"I'll go with you," said Lao Lee to Gao Mah, thinking that he needed to further evaluate her.
"You need some new shoes," Lao Lee said to Gao Mah as they passed a shoe store.
Gao Mah looked at her shoes and said, "oh, my shoes are old, but they are very comfortable."
"It seems to me you don't care too much about clothing," the old man said with an ambiguous tone, "which is unlike other women."
But the honest maid answered, "on occasions I like to dress up too."
"So you like shopping too? Like my daughter-in-law?" the old man asked nervously.
"Of course not!" The maid cried, but before Lao Lee could feel relief she added, "but if I had ten house-keeping jobs, I would shop like your daughter-in-law!"
Lao Lee laughed as he knew it was a joke, but couldn't dismiss the possible truth in it and therefore sighed as they entered the porridge shop.
It turned out that the pork and preserved egg porridge was not available for the day. Gao Mah suggested that they should call the house and ask his daughter-in-law whether they would like to have other types such as pork liver, or duck kidney.
"Did you bring the cell phone your son bought you?" Gao Mah asked.
"No," answered Lao Lee quickly, "I would never take that piece of trouble with me to the streets."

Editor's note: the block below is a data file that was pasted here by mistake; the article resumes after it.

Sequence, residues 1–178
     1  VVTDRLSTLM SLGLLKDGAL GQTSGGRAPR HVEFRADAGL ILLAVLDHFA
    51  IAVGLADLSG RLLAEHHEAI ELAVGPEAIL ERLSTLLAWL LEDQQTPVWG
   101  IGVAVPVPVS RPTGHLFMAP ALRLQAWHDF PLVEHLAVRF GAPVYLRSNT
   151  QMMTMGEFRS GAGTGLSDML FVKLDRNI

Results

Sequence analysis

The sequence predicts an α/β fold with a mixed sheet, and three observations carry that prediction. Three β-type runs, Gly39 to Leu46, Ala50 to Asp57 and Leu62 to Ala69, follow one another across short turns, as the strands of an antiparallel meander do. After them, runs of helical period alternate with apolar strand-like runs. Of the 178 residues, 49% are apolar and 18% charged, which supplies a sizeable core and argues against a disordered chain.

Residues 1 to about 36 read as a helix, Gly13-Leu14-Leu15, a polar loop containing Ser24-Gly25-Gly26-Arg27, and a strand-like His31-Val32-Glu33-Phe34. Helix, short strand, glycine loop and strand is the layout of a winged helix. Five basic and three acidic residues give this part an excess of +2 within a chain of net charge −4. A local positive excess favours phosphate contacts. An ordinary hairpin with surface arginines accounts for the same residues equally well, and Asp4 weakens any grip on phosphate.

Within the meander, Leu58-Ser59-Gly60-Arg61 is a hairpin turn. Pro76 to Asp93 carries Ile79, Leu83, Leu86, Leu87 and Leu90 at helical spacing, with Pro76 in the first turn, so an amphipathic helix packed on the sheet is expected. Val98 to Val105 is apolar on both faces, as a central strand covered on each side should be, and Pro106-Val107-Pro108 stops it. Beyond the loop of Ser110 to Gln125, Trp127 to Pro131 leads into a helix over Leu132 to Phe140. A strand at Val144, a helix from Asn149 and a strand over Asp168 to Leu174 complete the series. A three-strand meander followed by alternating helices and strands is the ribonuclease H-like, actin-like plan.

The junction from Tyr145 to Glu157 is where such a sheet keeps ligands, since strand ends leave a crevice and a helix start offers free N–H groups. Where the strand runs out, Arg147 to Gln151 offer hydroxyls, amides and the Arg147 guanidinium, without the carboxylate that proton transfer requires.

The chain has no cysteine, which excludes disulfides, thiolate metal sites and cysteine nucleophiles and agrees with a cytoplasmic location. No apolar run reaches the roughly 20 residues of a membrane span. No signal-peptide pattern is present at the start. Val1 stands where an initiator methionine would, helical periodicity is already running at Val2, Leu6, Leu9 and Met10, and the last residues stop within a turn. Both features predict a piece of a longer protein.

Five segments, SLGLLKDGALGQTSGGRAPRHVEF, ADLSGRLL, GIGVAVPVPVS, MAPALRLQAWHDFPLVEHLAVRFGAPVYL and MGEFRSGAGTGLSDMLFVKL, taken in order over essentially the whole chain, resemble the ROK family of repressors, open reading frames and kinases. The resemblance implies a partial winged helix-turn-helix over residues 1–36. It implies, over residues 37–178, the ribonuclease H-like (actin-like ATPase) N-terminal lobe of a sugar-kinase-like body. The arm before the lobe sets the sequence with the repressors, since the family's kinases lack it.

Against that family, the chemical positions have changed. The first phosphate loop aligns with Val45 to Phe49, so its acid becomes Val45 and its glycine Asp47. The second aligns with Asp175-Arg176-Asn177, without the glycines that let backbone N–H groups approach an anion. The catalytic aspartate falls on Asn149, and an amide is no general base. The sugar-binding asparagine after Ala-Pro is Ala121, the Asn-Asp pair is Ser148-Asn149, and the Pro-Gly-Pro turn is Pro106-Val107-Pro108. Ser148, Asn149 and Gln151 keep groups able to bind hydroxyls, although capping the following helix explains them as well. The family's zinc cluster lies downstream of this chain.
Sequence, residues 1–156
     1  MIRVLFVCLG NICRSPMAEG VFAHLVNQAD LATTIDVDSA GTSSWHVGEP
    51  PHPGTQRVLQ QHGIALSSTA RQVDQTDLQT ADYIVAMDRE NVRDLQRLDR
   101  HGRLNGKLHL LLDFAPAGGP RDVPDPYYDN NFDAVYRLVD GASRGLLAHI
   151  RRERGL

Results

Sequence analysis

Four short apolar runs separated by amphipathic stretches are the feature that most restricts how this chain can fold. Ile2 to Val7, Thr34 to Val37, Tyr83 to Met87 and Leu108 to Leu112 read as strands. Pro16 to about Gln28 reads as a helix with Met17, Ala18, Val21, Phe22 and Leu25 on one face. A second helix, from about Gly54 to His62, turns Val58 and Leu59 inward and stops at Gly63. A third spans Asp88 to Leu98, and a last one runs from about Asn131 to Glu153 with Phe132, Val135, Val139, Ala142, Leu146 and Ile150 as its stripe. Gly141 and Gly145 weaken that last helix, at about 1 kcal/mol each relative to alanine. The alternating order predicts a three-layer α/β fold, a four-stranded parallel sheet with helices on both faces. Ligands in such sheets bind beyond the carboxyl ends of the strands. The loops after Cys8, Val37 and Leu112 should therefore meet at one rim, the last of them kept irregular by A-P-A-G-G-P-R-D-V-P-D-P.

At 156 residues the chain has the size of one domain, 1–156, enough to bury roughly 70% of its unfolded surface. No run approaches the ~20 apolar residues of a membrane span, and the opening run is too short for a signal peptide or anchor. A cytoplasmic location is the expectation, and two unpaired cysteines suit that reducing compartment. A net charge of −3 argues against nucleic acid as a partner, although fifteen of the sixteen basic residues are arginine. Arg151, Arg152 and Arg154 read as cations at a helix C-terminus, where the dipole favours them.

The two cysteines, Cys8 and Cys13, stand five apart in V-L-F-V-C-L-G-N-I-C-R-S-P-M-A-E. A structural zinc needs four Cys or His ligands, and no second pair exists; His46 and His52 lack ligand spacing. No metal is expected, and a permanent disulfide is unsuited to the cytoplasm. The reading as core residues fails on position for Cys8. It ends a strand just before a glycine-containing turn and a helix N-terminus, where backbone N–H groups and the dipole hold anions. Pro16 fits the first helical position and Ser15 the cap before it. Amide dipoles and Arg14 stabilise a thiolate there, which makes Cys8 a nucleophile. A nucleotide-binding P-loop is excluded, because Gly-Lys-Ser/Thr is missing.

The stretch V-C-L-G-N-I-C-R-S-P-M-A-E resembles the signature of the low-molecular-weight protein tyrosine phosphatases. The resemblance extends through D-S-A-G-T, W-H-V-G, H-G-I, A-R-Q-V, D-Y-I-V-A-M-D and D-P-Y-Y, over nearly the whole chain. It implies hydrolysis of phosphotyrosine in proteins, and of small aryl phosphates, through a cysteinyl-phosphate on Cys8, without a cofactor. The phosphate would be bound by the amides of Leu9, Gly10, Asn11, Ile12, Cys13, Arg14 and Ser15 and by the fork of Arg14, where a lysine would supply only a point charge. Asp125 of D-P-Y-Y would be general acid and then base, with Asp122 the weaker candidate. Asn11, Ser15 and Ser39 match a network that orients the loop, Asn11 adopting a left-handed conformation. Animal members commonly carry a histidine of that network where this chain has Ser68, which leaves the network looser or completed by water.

"Why? It hardly weighs anything!"
"But I don't want being robbed! I have heard many cases of cell phone being snatched away from the users on the streets. And I am not going to be the victim."
So they walked to a phone stand operated by a young man with hair dyed to yellow and trimmed to the shape of a bird's nest, most likely someone who had failed the high school entrance exam and couldn't find a decent job. Before Gao Mah took the receiver, Lao Lee asked about the fee, "is it still two maos?"
"Two Maos?" the young man scoffed, "that must have been before you lost your hair. It now starts two yuans within the area," the youngster answered impatiently.
"What? Went up ten times in five years?" Lao Lee cried, "but you can't charge us that much because we're calling within the block, look, you can even see the building over there!"
The young man gave Lao Lee a dirty look, and said, "why don't you walk over there instead of using the phone?"